Merry Imbolc, Candlemas, Groundhog Day. This is a season of signs, of waiting watchfulness, of trusting that the light and heat of candles will bloom into spring and summer, that the year will turn out of the dark. Last year at this time I was saying “January was a sack of hammers to the face” — this year I find myself turning from metaphor. But I haven’t written here since December, and when one’s an author one ought to strive to keep communications regular, perhaps especially when the world’s terrible and terrifying. One reaches for one’s people, wherever they are.
Last year, then.
Last year I taught a short fiction workshop for the second year in a row. Last year my sister made me an aunt. Last year I made a landed immigrant of my husband and reunited with him after a separation of 18 months. Last year I went to ConFusion, ICFA, Fourth Street, and CONvergence for the first time, was Guest of Honour at a convention for the first time, taught at Alpha for the first time, and went on a very productive writing retreat for the first time. Last year I moved back into Ottawa for the first time in ten years. Towards the end of last year I signed with an agent I feel every day more privileged to work with, and took part in a performance of mythic imaginary organised by the magnificent C.S.E. Cooney.
But what did I write?
I wrote stories that were very long or very short and nothing in between. I wrote a novelette-length guest episode called “Fire and Ice” for Serial Box’ Bookburners, helmed by Max Gladstone, and saw it appear; I wrote half of a novella with this same Max, which, dear gods, I am so excited to share with everyone but what is this THING where the longer a work is the longer you have to wait for the world to see it? Surely that’s a design flaw.
On the short side, I wrote a story called “A Tale of Ash in Seven Birds” for Mahvesh Murad and Jared Shurin’s forthcoming The Djinn Falls in Love anthology. I’ve thus far managed to read it out loud all of once without choking up, but that says more about me and the state of the world than it does about the story, I think. (There are Hamilton references in it, but only one that’s egregious.)
In terms of stories that got published last year, there are only three, a novelette and two short stories respectively: “Fire and Ice” for Bookburners, “Weialalaleia” in The Bestiary, and “Seasons of Glass and Iron” in The Starlit Wood. I’m proudest of the latter, and was honoured to see, yesterday, that it made the Locus Recommended Reading List in fine company. But that’s this year’s news.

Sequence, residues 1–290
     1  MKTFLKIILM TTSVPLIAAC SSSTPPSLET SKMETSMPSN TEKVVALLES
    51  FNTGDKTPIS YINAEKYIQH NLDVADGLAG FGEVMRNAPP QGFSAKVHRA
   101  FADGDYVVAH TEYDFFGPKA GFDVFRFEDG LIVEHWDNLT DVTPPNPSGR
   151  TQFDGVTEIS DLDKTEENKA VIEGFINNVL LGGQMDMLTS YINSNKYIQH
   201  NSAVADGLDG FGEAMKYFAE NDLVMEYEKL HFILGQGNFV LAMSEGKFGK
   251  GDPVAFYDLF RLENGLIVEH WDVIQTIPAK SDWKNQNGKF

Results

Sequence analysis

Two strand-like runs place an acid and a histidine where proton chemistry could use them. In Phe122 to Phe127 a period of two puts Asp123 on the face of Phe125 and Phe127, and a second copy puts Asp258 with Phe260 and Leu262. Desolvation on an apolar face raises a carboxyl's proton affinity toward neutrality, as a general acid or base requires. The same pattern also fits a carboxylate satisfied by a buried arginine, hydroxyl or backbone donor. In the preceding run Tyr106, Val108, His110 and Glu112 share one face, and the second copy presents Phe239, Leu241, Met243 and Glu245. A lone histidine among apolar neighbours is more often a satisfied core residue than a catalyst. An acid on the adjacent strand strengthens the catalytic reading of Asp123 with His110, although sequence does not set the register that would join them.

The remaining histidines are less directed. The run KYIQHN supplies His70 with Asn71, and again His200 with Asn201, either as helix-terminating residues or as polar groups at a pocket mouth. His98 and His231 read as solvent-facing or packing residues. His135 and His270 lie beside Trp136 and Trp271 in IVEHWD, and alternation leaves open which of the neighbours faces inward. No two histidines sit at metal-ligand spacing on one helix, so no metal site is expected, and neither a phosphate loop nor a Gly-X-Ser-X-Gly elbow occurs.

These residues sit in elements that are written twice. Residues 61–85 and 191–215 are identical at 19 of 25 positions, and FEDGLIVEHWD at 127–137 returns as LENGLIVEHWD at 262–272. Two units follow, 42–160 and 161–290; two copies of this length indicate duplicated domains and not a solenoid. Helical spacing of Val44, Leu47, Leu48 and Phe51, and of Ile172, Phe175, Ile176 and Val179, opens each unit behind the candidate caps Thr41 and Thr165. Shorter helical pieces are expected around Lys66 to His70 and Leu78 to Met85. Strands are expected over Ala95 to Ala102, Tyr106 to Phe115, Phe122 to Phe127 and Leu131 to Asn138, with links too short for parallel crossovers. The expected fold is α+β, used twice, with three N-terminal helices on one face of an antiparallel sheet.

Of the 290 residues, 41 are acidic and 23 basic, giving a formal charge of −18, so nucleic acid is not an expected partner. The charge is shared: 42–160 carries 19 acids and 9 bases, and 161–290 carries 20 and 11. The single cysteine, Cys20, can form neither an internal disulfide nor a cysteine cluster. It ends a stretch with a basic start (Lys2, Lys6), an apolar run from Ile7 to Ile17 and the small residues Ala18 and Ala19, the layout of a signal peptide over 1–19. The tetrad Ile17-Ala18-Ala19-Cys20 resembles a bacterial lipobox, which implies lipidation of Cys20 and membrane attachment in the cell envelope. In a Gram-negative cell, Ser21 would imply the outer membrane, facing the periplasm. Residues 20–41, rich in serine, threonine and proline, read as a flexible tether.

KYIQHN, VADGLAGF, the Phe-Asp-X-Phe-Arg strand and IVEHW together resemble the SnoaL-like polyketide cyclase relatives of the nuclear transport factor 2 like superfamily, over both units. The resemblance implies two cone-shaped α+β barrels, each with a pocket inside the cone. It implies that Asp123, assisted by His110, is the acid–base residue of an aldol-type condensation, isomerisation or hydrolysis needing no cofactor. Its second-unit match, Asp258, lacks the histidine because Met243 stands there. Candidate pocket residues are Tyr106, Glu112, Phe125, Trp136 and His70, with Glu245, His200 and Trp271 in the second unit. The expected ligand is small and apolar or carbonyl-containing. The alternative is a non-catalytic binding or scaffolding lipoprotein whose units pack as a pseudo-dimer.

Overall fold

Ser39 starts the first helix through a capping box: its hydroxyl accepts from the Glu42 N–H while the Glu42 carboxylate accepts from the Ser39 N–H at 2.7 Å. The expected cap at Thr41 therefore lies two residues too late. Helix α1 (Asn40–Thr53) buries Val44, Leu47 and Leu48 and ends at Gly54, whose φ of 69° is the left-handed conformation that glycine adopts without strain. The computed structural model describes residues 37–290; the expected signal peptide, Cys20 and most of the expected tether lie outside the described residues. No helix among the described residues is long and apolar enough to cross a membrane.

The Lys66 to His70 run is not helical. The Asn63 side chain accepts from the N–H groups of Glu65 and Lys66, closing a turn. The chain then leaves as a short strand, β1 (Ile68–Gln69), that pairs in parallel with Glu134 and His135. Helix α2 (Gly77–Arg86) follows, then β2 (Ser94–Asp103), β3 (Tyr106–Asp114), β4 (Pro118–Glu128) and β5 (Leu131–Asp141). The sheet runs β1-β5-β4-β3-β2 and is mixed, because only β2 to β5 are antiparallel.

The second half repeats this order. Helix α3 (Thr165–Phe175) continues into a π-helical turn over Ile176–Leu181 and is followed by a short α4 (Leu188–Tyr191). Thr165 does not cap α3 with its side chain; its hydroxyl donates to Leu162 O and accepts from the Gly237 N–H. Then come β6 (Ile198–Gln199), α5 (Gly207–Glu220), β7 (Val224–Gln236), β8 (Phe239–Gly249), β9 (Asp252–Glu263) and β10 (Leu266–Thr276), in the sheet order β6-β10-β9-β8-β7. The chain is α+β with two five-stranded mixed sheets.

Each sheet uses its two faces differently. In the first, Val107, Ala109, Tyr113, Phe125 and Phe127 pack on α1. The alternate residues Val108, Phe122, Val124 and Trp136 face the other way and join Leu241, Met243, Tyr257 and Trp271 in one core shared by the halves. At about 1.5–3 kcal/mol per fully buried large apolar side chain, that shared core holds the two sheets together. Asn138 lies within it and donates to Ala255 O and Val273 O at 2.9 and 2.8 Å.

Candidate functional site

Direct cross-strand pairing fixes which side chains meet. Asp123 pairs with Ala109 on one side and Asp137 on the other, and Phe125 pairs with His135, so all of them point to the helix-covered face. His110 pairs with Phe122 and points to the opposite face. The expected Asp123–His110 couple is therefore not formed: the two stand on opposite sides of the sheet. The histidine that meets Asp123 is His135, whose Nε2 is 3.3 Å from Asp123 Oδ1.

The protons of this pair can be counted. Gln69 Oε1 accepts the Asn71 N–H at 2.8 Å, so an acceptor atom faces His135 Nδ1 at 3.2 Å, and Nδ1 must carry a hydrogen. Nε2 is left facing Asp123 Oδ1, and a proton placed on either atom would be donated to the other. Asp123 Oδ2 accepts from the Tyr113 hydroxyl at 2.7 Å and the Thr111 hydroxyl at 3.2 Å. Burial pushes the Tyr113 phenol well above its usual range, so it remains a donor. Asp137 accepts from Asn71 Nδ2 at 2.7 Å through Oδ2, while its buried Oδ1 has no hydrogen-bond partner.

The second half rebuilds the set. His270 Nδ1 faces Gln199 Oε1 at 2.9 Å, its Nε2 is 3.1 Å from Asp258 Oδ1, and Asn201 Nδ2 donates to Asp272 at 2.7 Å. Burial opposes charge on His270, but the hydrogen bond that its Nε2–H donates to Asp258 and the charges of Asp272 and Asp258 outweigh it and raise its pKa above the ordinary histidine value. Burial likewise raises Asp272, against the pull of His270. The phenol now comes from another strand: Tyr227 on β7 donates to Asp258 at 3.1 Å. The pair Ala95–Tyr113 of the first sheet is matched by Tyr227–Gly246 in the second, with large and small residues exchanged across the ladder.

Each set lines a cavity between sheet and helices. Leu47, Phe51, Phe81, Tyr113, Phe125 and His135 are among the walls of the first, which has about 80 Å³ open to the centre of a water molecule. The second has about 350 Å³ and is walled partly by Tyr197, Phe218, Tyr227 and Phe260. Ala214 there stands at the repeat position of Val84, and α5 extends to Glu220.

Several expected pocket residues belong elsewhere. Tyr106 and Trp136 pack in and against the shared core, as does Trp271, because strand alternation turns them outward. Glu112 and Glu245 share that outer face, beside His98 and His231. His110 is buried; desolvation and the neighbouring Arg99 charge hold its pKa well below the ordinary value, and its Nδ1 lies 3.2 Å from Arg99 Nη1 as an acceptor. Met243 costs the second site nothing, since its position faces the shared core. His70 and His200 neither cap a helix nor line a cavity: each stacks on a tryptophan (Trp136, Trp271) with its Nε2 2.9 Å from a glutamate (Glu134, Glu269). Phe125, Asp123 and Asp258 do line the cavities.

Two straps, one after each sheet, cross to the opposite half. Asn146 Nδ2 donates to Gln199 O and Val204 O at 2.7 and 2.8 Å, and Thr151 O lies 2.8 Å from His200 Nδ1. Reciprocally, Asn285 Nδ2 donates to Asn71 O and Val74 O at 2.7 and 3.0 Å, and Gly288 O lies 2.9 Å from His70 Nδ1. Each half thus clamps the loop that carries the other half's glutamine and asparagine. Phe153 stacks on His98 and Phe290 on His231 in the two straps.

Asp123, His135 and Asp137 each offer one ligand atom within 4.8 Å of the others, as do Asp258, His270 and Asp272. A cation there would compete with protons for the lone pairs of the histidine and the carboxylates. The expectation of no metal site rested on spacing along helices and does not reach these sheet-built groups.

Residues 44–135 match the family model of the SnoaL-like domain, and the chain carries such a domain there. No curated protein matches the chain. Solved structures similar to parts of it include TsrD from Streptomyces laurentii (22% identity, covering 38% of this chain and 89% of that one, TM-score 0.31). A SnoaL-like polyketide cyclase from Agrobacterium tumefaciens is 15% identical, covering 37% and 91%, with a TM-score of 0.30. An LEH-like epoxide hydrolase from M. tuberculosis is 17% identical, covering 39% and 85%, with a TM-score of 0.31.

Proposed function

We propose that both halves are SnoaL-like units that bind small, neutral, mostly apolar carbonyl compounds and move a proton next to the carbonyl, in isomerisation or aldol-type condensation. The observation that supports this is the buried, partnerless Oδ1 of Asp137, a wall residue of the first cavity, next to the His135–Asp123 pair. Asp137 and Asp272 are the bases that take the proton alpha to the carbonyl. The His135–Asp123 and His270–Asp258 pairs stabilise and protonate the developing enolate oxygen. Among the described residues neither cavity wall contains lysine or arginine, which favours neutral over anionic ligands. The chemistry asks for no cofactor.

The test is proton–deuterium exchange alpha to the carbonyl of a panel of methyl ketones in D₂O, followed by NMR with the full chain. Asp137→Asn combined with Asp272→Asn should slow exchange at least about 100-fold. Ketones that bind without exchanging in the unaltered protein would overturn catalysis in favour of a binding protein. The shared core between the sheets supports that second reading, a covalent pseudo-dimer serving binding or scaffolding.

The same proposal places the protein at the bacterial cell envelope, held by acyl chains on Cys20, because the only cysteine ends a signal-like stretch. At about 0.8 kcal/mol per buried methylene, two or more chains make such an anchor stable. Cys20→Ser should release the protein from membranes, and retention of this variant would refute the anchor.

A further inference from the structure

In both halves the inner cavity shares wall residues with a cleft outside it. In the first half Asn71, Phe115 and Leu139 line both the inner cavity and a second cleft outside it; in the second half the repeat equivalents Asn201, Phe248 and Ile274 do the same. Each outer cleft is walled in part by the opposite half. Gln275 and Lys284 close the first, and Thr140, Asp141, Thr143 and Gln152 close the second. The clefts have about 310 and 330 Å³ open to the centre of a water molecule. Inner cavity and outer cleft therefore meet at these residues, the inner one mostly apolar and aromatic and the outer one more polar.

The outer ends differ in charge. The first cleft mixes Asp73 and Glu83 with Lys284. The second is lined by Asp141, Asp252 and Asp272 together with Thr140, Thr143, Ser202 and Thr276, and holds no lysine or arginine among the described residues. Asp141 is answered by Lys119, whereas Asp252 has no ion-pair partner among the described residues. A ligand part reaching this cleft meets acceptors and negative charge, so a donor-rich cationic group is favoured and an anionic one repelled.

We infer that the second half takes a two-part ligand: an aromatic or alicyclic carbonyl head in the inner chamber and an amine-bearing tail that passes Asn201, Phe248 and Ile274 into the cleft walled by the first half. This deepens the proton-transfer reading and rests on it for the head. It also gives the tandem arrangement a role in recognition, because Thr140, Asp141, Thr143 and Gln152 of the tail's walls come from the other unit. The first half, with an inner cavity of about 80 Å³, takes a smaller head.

Non-fiction-wise I wrote 12 full-length reviews for NPR and 9 bite-sized ones, 4 review columns for Lightspeed (of which one is a long review of Fran Wilde’s Cloudbound), an essay on Sofia Samatar’s work, and … gosh. That’s it? I think? I guess I was successful in last year’s resolution to say “No” to more stuff. I did, however, start a thing on Twitter called the Oracle of Buses, where, whenever I get on a bus and the mood settles on me, I whimsically answer questions for the duration of the journey.
The Oracle of Buses is grieving, hollow & full at once. Her belly, if Oracles have such, is empty: fill it with questions. Ask her anything.
— Amal El-Mohtar (@tithenai) November 11, 2016
Honours earned: I was delighted that “Madeleine” was a finalist for both the Nebula and Locus awards, while “Pockets” was a finalist for the World Fantasy award (my first nomination there!), both sharing ballots with so many other works that I genuinely loved and admired.
Last year, I ended a similar post to this by saying
I hope that in 2016…I take on less and do it better, allow myself more room to breathe, build a household with my husband on the same side of the ocean, become a better friend and a good aunt, and finish three short stories, one novelette, one novella, and one novel.
I want to continue in the same vein this year. My husband, cats and I are reunited; I’m aunt to a beautiful child turning one whole year old later this month, and who dazzles me every day; the better friend thing is always a work in progress, never a work I want to set down and think concluded. In the midst of that I managed 1 short story, 1 novelette, and 1 novella.
This year I want to pour into a novel; that’s the only writing demand I’ll make of myself. Well — that, and keeping on top of my academic work. So by the end of 2017 I hope to be a novelist, ABD, and in good health; if I can manage that I’ll be very proud of myself.